Monday, July 26, 2010

Top 10 Reasons to Adopt an Older Dog

Top 10 Reasons to Adopt an Older Dog

1. What You See Is What You Get

Older dogs are open books—from the start, you’ll know important things like their full-grown size, personality and grooming requirements. All this information makes it easier to pick the right dog and forge that instant love connection that will last a lifetime. If you’re not so into surprises, an older dog is for you!

2. Easy to Train

Think you can’t teach an old dog new tricks? Hogwash! Older dogs are great at focusing on you—and on the task at hand—because they’re calmer than youngsters. Plus, all those years of experience reading humans can help them quickly figure out how to do what you’re asking.

3. Seniors are Super-Loving

One of the cool parts of our job is reading stories from people just like you who have opted to adopt. The emails we get from pet parents with senior dogs seem to all contain beautiful, heartfelt descriptions of the love these dogs give you—and those of you who adopted dogs already in their golden years told us how devoted and grateful they are. It's an instant bond that cannot be topped!

4. They’re Not a 24-7 Job

Grownup dogs don’t require the constant monitoring puppies do, leaving you with more freedom to do your own thing. If you have young children, or just value your “me time,” this is definitely a bonus.

5. They Settle in Quickly

Older dogs have been around the block and already learned what it takes to get along with others and become part of a pack. They’ll be part of the family in no time!

6. Fewer Messes

Your floors, shoes and furniture will thank you for adopting a senior pooch! Older dogs are likely to already be housetrained—and even if they’re not, they have the physical and mental abilities to pick it up really fast (unlike puppies). With their teething years far behind them, seniors also are much less likely to be destructive chewers.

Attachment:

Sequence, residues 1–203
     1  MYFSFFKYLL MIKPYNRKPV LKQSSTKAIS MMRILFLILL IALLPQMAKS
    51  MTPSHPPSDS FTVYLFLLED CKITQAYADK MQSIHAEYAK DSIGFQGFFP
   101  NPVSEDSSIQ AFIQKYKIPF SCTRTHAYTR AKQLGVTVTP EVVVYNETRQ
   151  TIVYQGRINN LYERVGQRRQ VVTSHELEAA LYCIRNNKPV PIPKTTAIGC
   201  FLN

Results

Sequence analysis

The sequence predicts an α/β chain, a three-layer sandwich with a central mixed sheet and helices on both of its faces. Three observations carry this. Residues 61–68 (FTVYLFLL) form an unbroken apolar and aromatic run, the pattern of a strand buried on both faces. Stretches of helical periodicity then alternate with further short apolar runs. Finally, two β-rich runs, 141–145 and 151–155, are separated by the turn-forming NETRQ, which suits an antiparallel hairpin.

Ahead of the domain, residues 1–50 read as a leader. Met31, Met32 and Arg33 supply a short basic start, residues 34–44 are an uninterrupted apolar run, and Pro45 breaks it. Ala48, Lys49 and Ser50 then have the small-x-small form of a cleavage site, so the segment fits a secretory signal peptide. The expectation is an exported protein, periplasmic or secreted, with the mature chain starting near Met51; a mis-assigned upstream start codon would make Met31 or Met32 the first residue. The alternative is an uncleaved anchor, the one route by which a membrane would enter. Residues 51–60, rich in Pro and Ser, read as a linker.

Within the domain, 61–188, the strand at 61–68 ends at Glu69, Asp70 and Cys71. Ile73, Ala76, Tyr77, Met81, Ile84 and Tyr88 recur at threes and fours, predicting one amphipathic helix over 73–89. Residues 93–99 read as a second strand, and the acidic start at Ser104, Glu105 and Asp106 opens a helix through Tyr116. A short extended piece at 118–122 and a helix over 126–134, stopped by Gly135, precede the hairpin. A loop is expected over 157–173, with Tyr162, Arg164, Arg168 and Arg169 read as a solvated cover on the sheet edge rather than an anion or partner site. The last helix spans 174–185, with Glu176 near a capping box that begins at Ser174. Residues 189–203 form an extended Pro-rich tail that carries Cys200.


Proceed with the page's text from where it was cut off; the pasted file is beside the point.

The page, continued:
7. You Won’t Bite Off More Than You Can Chew

There are those who yearn for a doggie friend of their own, but hold back because they worry what might happen in their lives in the years to come. And they are wise to do so—a puppy or young dog can be anywhere from an 8- to 20-year responsibility, which is not appropriate for the very elderly or those with certain long-term future plans. Providing a loving home for a dog in her golden years is not a less serious commitment, but it can be a shorter one.

8. They Enjoy Easy Livin’

Couch potato, know thyself! Please consider a canine retiree rather than a high-energy young dog who will run you ragged. Not that older dogs don’t require any exercise—they do—but they’re not going to need, or want, to run a marathon every day.

9. Save a Life, Be a Hero

At shelters, older dogs are often the last to be adopted and the first to be euthanized. Saving an animal’s life offers an unparalleled emotional return on your investment, and you’ll feel the rewards every day you spend together.

10. They’re CUTE!

Need we say more?

Wednesday, July 14, 2010

Old Dogs are the Best Pets to Have.

I will tell you this. Old dogs are the best pets to have. They want nothing more than to lay around your house, eat some food, and be around you when you’re doing something very relaxing. I know. I’ve got one.

I’ve adopted puppies. They’re a complete pain in the ass. They want to run around constantly. They’ll try to tell you they are the boss once they get a little feel for themselves. Once they realize that they can make a demand or two. If you have any sense you’ll let them know, they aren’t the boss. They don’t own the couch nor do you jump up at their command. Otherwise you’re constantly on call.

Yup, old dogs know the score. That or they just don’t care to call the shots anymore. They’re content to relax and let the young dogs run to the window to see if the mailman really is daring to approach the front door.